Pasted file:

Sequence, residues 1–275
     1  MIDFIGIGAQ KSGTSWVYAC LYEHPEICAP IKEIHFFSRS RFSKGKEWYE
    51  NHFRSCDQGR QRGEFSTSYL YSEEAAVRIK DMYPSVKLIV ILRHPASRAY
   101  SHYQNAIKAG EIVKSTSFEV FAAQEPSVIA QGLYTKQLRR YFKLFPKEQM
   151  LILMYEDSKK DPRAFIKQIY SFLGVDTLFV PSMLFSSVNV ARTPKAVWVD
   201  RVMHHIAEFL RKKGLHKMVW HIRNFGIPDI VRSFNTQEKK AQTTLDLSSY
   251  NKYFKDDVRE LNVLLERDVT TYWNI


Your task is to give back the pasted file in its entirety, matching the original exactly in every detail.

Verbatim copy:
Sequence, residues 1–275
     1  MIDFIGIGAQ KSGTSWVYAC LYEHPEICAP IKEIHFFSRS RFSKGKEWYE
    51  NHFRSCDQGR QRGEFSTSYL YSEEAAVRIK DMYPSVKLIV ILRHPASRAY
   101  SHYQNAIKAG EIVKSTSFEV FAAQEPSVIA QGLYTKQLRR YFKLFPKEQM
   151  LILMYEDSKK DPRAFIKQIY SFLGVDTLFV PSMLFSSVNV ARTPKAVWVD
   201  RVMHHIAEFL RKKGLHKMVW HIRNFGIPDI VRSFNTQEKK AQTTLDLSSY
   251  NKYFKDDVRE LNVLLERDVT TYWNI